Planning a Will: When Should You Write a Will

Planning a Will
When to write your will has never had an exact age. We always think of wills as a last testament we do on this earth. Read on to learn about planning a will and when should you write a will.

No one enjoys thinking about the prospect of dying one day. Sadly, it's part of life, and it's something that happens to all of us, regardless of how wealthy or important we are.

While there's little of consequence to you once you pass, it's important that you consider your final wishes. These can go beyond what you'd like your last days to look like and include plans for your home, minor children, pets, and personal property that you'll leave behind.

Planning a will is something everyone should do, regardless of how much they're worth or what money they have. Many people make the mistake of believing that a will is only for someone with a lot of money to burn.

Having a will goes beyond your assets, and can prevent problems and fights among family after you pass. If you're planning on creating one, it's never too early to get started.

Learn more about what situations call for reasons to have a will, and what you can do to get started on the process.

You Have Minor Children and Want to Ensure for Their Future

If you're the parent of young children, it's important to think of their needs and plan the best future for them. This includes picking a friend or family member that is a capable guardian if you and your spouse both pass away.

Before you make this choice, consider carefully the individual you have in mind. Whoever you pick, you want to make sure your child is with a guardian that loves and cherishes them.

When picking a guardian, here's a few things to keep in mind:

  • Have more than one person/couple you can ask
  • Be upfront about how much inheritance gets left behind for your child
  • Make sure you feel truly comfortable about who you're picking, and that you're not just doing it out of duty

If you don't have a will in place when you pass, your child could end up in the hands of a family member who's more interested in inheritance than they are taking care of the child.

This is an important example why having a will is crucial at any age. What you plan for the future can determine how your child's life gets shaped if you pass away before they turn 18.

There's Been a Change in Your Relationship Status and You're Planning a Will for Your Spouse

Getting married (or remarried) is always an exciting change to anyone's life. And although divorce is not always planned, it's still a relationship change, for better or worse.

When you're undergoing changes that involve taking or losing a partner, it's time to change up your will.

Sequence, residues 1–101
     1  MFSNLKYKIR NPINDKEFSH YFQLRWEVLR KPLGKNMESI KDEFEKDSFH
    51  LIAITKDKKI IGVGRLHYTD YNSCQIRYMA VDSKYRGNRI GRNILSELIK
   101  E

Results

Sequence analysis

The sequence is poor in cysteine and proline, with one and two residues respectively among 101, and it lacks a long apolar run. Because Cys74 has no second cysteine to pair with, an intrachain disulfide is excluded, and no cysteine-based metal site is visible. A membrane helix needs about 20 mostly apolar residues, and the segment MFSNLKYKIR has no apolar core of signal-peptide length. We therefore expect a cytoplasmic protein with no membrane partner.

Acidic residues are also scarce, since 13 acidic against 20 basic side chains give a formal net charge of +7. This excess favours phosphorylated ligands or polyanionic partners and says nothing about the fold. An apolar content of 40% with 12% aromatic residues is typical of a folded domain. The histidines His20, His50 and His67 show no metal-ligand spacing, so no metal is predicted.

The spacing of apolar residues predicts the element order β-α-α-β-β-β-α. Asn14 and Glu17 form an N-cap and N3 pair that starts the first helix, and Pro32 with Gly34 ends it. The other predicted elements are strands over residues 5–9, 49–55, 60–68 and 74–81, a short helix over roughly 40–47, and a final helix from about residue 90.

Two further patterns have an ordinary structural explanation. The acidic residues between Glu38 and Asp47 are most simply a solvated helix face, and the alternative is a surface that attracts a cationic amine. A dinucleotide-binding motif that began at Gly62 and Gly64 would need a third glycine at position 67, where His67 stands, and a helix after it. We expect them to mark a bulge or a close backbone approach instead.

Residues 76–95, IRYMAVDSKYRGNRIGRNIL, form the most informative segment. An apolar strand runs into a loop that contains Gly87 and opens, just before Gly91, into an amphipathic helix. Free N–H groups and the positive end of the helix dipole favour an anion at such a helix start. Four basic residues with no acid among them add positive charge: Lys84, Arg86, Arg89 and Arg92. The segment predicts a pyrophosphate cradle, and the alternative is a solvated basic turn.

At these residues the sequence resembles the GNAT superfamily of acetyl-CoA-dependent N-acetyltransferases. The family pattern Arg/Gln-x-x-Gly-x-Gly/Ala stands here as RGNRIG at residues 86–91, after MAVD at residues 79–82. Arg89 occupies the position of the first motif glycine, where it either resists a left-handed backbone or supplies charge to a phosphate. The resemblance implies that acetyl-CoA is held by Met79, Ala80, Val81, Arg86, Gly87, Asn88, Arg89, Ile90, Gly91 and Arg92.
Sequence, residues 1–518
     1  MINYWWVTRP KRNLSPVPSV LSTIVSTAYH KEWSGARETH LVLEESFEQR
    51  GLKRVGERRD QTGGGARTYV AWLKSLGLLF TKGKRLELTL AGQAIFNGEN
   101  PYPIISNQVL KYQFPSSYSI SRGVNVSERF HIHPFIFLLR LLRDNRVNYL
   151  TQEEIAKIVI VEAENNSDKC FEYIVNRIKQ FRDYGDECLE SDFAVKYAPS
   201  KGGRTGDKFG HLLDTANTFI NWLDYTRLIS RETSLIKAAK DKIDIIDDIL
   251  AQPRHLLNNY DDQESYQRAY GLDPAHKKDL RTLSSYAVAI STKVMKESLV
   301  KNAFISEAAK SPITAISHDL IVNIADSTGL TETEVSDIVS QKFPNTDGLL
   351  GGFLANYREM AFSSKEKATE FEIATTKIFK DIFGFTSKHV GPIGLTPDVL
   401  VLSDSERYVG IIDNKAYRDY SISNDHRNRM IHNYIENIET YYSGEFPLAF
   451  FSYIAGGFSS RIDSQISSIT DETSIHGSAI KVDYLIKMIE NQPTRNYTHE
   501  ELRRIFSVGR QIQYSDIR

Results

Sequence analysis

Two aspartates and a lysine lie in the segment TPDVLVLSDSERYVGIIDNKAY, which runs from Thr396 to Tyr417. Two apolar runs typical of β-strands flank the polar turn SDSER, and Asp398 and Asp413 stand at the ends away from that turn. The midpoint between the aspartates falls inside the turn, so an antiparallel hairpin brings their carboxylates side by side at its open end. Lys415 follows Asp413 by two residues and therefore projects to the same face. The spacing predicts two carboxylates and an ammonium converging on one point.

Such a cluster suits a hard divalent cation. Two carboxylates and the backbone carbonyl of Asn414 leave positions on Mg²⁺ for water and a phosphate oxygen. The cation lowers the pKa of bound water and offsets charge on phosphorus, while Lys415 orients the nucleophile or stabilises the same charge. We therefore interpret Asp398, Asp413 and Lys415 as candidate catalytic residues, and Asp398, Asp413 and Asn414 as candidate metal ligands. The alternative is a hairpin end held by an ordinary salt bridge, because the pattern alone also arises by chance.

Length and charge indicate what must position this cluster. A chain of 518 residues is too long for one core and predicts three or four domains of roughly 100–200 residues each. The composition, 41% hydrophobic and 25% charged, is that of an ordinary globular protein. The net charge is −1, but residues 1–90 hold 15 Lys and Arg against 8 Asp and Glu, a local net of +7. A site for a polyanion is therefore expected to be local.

In the event that you pass after a divorce, you don't want your will to name your ex-partner as someone benefiting from your estate. If you have a new partner and want certain items left to specific people, it's important to name that, too.

If you're married and you die without a will, it's automatically assumed that everything goes to your partner. For those with children from a previous relationship, it's crucial to put on paper what you want them to inherit.

Among the reasons to have a will, planning and thought behind who gets what are the most important factors.

You're Leaving Behind a Business

A business that you've established and built from the ground up is something to feel proud of. It's also important to figure out what you'd like to have done with it after you pass.

Many business owners make plans to leave their business to their children. You can decide if this is a route you'd like to take, or if there is an employee or another worker who you'd rather leave the company to.

Decisions like this become difficult if a plan isn't made out. Family members can take the will to court and challenge the lack of decisions as to who gets what.

If you didn't want to sell your company and had dreams of passing it down to someone else, you need a will. Think of your business as your child, and treat it the same way; look for someone who can administer the same loving care you provided when you ran the company. A good corporate lawyer that understands estate planning can help plan the succession of your business.

There's a House Among Your Assets and You Have Plans for It

Buying a home is one of the biggest purchases you'll make in your life. Perhaps you've gone house hunting and finally found the ideal place that makes you feel comfortable.

While you're sure to enjoy your time in your home, you'll need to consider what to do with it after you pass away.

Many people choose to sell off the home and split the proceeds between family members. Others decide it's better to leave the home to a specific family member and keep it around for others to enjoy.

In many cases, if there is no will, your home gets sold and the profit gets split. Even if this is what you want to happen, it's still a good idea to get everything down on paper.

You might not want everything split in an even manner. Perhaps you'd rather see the money go to a charity, or you'd like to leave it to someone in your extended family.

Changes Occurred and It's Time to Write a Will Again

If you've had any changes in your life, consider how your will stands up and what you'd like to do to amend it. Changing a will typically occur with the addition or departure of friends or family members from your life.

But it can also occur when you acquire wealth and want to make plans for how that money gets spent.

This includes situations such as:

  • Winning the lottery
  • Getting a large inheritance from family members
  • Winning a lawsuit